It’s the worst part of the job.
For the most part, I had a blast working at a Wall Street bank: traveling the world, sourcing lucrative trades, and learning from CEOs. But there is one thing that grew old fast: the daily morning meeting. Every morning at 6:45 am EST — rain, snow, or shine — we were required to huddle in a conference room and discuss the latest research and market events. My situation wasn’t unique. Almost every investment banking and capital market group holds a morning meeting. Some teams even host two meetings per day to calibrate its message to clients. But the daily morning meeting is antiquated, unhelpful, and unnecessary. Here’s why it’s time for Wall Street to end the practice.
These meetings are kabuki dances. Here’s the standard agenda for an equity morning meeting: research analysts discuss (in person or over the phone) their latest research, answer questions, and pontificate on the markets. But they usually regurgitate what they’ve already published (and what’s already been disseminated to clients). So why get in at the crack of dawn? Why miss seeing your kids off to school in the morning?
Among equity departments, there is a trend to internationalize the morning meeting, so that global markets and research are discussed. But these meetings end up being so broad that sales specialists don’t find them useful. If you sell Asian stocks, you are likely covering clients that invest in emerging markets. Don’t waste your time listening to small cap US stock ideas. All too often, sales and trading personnel feign interest by asking fake questions – even as they won’t use the information obtained during the meeting.
Investing is asynchronous. Even though equity transactions are executed when the markets are open, an institutional investor’s decision whether to buy or sell isn’t a morning game time one. The decision usually rests with portfolio managers who spend a significant amount of time doing their due diligence. Typically, after the morning meeting, you’re supposed to call the client. But in most cases, the call goes straight to voicemail because the client wants to avoid another useless message. Or they are traveling or sleeping (possibly recovering from the night before). So it makes little sense to arrive at work hours before your client gets in and the market opens. Besides, it’s likely that the client already knows whatever you want to relay: most research and news is distributed immediately over email.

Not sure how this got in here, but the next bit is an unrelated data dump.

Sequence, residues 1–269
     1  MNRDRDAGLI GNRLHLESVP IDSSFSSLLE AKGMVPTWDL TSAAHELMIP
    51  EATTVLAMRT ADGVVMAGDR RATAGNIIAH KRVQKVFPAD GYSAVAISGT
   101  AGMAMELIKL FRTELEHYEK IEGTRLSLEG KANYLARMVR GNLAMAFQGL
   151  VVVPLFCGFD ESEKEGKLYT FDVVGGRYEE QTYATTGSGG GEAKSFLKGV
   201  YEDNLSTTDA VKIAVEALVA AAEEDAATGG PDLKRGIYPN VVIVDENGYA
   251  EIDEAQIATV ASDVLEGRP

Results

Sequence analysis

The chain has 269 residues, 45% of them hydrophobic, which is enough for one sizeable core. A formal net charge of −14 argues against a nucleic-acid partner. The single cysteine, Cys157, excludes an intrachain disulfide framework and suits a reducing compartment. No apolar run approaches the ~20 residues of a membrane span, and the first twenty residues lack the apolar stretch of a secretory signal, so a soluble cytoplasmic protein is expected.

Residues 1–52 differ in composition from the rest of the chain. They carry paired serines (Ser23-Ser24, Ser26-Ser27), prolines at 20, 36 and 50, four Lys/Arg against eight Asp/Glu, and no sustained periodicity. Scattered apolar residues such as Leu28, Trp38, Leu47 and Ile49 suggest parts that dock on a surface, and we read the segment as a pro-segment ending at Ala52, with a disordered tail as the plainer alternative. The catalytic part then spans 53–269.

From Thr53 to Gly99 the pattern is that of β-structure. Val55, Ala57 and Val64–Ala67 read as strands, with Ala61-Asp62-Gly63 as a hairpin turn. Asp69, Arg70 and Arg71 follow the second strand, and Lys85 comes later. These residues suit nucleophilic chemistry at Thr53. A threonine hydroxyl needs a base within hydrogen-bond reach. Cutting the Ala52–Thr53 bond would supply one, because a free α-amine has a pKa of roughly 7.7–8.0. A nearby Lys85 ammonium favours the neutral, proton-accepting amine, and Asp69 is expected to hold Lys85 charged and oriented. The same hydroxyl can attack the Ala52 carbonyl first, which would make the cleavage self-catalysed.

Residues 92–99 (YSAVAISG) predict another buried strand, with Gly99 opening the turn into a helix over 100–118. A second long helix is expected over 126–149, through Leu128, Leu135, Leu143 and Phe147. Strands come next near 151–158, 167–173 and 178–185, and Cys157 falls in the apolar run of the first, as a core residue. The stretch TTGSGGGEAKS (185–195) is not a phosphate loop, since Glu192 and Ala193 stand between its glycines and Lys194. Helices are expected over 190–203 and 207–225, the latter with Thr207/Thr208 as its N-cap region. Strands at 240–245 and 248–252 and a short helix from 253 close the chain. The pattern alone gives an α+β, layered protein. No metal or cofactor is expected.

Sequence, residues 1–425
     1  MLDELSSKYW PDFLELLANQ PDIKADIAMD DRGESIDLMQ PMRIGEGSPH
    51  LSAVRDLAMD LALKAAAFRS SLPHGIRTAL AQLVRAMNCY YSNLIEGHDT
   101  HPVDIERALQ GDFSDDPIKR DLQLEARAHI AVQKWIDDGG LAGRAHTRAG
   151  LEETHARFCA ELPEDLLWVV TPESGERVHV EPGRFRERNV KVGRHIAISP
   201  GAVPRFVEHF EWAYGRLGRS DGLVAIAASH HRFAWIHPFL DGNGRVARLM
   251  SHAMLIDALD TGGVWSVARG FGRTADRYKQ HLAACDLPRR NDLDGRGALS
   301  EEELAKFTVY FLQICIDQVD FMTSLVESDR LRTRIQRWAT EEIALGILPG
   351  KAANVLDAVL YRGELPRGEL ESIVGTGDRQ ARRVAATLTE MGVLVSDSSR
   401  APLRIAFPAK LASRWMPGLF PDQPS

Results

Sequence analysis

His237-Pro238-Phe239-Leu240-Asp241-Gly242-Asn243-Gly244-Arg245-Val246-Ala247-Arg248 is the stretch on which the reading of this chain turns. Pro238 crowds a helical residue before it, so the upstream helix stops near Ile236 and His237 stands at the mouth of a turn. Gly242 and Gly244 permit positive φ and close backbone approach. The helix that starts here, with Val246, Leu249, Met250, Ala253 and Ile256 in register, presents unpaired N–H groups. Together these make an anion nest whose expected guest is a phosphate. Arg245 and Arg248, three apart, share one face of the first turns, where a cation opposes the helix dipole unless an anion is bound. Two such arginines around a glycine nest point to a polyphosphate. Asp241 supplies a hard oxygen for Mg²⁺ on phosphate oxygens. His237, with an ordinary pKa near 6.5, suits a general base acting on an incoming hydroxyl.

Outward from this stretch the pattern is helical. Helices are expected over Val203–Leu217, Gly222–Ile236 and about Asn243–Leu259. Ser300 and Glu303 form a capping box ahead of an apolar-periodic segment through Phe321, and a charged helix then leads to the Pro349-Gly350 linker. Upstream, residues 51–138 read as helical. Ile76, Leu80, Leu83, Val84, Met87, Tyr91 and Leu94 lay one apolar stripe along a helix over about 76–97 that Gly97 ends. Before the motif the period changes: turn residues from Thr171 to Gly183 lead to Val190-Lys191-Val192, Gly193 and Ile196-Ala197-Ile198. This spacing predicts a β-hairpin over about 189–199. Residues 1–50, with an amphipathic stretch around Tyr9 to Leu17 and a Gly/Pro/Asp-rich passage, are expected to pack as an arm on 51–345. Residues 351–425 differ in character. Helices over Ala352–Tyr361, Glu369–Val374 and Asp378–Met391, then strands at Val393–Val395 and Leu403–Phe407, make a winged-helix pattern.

The morning meeting is where people take minutes to waste hours. It kills productivity and lowers morale. A typical meeting lasts thirty minutes and can involve, say, twenty people. One meeting equates to 600 man minutes or 10 man hours. That’s 50 man hours a week, 200 per month, and 2400 per year – or 100 days of meetings. That’s time when you can be at home with your family, or providing more value-added services to clients — not listening to folks drone about an email they’ve already sent.
The daily morning meeting serves as a traditional Wall Street census, of which veteran bankers boast “out with the boys, in with the men.” After a long night out with clients it’s honorable to show up untrammeled the next morning. But it’s an antiquated practice that belongs more in a 1990s Wall Street movie than today. The computer screen, not the teleconference, is the principal portal of today’s investing class.
Even if banks don’t kill the daily meeting, they should consider shortening it, or moving to the middle of the day. Most sales and trading professionals eat alone at their desks, so a mid-day meeting might actually encourage teamwork, cross-selling, and better morale.
It’s time to sunset the morning meeting.
[This article was also published in Fortune.]
Kabir Sehgal is the author of New York Times bestseller Coined: The Rich History of Money And How Its History Has Shaped Us.